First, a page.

The brilliant community of LEGO artisans have done a lot to be proud of in the past couple of years, from the massive model of The Grand Budapest Hotel to the innovative LEGO drum machine. Now, a couple of brick builders have applied their out-of-the-box construction skills to another important realm of inquiry—biology.
Iowa State University assistant professor Ludovico Cademartiri needed a versatile, sturdy structure to study plant growth in, but it also needed to be cheap. He couldn’t splurge on microfluidic technology—which allows researchers to create highly controlled environments—but the greenhouses he could afford weren’t as flexible as he wanted. Cademartiri, was looking for something “transparent, autoclavable, three-dimensional, chemically inert and compatible with existing plant growth experiments,” according to the Iowa State University website. LEGO bricks, it turns out, are all of these things.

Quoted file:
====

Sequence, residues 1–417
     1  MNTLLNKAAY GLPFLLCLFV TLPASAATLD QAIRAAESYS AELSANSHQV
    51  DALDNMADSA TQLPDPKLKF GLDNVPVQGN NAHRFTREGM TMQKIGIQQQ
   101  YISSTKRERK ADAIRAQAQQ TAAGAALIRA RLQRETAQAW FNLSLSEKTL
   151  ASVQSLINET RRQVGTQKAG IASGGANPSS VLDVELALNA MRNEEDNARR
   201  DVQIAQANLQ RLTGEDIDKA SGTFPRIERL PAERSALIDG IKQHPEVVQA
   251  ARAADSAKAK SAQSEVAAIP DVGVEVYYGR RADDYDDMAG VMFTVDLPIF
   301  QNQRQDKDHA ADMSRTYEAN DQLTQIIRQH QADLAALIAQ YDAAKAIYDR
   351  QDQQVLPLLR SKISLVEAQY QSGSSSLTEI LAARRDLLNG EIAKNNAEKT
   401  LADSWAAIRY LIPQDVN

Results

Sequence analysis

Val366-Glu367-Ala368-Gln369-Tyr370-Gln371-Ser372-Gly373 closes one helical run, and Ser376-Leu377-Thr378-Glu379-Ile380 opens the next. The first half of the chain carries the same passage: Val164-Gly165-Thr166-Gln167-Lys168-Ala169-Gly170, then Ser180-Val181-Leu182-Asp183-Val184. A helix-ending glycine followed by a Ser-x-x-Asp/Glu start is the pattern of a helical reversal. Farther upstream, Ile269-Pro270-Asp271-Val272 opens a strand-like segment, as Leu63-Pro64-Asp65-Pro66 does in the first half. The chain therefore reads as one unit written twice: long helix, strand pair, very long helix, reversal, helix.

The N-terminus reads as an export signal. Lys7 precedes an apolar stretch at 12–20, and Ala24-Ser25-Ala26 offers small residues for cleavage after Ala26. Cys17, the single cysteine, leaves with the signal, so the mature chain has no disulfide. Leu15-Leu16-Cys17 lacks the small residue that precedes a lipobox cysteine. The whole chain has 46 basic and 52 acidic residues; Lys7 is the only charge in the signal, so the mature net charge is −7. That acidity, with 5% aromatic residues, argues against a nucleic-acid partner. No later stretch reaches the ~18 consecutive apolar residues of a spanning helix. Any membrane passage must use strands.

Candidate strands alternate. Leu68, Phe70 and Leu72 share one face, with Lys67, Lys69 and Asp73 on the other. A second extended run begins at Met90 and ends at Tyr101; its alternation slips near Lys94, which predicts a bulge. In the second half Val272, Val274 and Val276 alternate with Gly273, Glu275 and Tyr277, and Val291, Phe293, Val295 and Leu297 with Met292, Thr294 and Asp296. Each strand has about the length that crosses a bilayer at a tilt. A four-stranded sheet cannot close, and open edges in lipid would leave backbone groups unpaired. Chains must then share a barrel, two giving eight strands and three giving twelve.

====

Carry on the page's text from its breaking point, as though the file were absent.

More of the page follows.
The associate professor is passionate about this newfound application for the Danish building blocks. “Forget for a minute that they’re used as toys,” Cademartiri said on the same site. “They’re actually pieces of high-quality plastic, built to extraordinary standards of precision, that you can use to build stuff.”
Cademartiri and his team have already published a paper about root systems contained with their newly established LEGO box technique, and many more are on the way. The world’s bio labs maysee a lot more plastic building blocks in the future. That’s good for scientists’ wallets, but their feet had better check themselves before they wreck themselves.
h/t Science Alert